DESCRIPTION

The Nanoengineering/Nanoelectronics department brings together three areas of activity at INL, systems engineering, spintronics and nanodevices, bridging the full value chain starting at the transducer/sensor level (using the electron charge and spin, or the molecular optical or magnetic spectral fingerprint to convey information on local fields and environments) to the system level ( including discrete or integrated electronics) to address major challenges in industrial sensing, RF communications, biomedical devices (biosensors and control systems), and agri-food and environmental monitoring applications (IOT, sensor networks, integrated molecular fingerprinting systems). The department includes 2PIs and the Department head, 3 research staff, 4 engineers, 3 post docs, 5 PhD students in collaborative programs with various universities (IST-INESC MN, U Porto, U Minho, U Santiago de Compostela), and has hosted during 2016, Master and summer students, 3 long term visitors (stays over 1 year-Capes Brasil) and 3 exchange visitors from IBM Zurich, U Regensburg, and the Technical University of Denmark. 3 process engineers from Lertech/CN work at our facilities. The various groups were involved in 2016 in 4 european projects (FP7 SpinICUR MC training network, FP7 MOSAIC, SpinCal, and a ENIAC project in collaboration with J Gaspar in the NanoFab), and a variety of cross border, regional, national, and industrial projects.

Picture 1
Picture 2

Circulating tumour cell (CTC) trapping and enumeration. A microfluidic linear pillar array separates CTCs from other blood components ( in collaboration with Lorena Dieguez). A magnetoresistive cytometer (chip done at INESC MN) is then used for labelled CTC enumeration.

Picture 4Picture 3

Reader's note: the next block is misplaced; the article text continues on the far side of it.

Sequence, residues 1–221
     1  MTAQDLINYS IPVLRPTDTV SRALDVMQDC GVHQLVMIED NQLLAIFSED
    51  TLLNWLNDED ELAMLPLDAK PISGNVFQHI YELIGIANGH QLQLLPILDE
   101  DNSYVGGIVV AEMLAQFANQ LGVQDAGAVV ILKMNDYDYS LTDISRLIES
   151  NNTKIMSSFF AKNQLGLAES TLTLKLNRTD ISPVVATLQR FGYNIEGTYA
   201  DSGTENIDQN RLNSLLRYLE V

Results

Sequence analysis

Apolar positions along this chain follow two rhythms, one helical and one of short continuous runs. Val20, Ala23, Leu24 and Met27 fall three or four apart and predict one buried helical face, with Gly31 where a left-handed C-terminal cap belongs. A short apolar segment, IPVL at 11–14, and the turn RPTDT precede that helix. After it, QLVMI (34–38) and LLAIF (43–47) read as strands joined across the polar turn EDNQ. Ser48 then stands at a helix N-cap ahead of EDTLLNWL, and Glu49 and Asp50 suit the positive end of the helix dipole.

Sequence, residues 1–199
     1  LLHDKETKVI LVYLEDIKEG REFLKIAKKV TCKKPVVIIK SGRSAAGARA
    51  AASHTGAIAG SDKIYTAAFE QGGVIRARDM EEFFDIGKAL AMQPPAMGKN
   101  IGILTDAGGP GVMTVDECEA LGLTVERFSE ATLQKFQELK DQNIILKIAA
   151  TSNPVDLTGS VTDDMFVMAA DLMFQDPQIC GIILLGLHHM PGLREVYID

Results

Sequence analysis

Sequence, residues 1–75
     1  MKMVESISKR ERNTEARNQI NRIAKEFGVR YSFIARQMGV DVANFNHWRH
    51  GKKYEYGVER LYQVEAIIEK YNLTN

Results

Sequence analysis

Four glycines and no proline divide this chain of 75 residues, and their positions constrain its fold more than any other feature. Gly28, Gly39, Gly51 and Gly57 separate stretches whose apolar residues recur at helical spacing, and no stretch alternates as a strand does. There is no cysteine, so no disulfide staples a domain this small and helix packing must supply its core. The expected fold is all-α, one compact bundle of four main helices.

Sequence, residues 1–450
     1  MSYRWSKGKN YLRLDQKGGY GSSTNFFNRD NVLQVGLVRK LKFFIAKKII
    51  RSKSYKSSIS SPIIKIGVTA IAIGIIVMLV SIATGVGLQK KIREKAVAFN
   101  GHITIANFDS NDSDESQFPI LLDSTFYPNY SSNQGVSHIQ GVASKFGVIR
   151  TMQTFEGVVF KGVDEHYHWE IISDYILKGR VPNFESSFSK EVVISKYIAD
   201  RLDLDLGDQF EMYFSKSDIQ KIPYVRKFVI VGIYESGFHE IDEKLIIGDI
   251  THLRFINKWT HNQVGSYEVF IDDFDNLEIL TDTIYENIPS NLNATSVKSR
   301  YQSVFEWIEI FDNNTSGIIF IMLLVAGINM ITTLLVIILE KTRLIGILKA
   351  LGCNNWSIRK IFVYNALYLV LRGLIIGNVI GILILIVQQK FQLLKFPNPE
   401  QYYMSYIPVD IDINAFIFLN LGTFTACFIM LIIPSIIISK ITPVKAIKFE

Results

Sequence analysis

INL demonstrated dynamics in MTJ nano-pillars generated with a pure spin current and a power larger by a factor of 20x with respect to the only report showing similar results. Combining Spin Transfer with Spin Hall, new dynamic states can be reached.

RESEARCH GROUPS

SystemsDescription

Group Leader: João Piteira

Setup for electrochemical measurements using INLs portable potentiostat and chips

NanodevicesDescriptionGroup Leader: Paulo Freitas

Schematic illustration of the microfluidic sensor integrated with after-channel UV/vis spectrophotometric detection for food ingredient analysis. (b) Collected absorbance change at 266 nm of solutions containing only caffeine, and mixture of AA and caffeine before (A0) and after (A) passing through the enzyme-loaded microfluidic sensor at 5 μL/min. Arrows indicate the time when it is started to sample the solution through the microfluidic channel.

SpintronicsDescription

Group Leader: Ricardo Ferreira

“Impact of MgO thickness on the performance of Spin Transfer Torque Nano-Oscillators”, J. D. Costa, S. Serrano-Guisan, J. Borme, F. L. Deepack, M. Tarequzzaman, E. Paz, J.Ventura, R. Ferreira and P.P. Freitas, IEEE Trans. Magn., Vol. 51, N. 11, November 2015.

RESEARCH

DEPARTMENTS
Nanoelectronics engineering
Lifescience
QuantMat
Nanophotonics
aemicros.png
Microand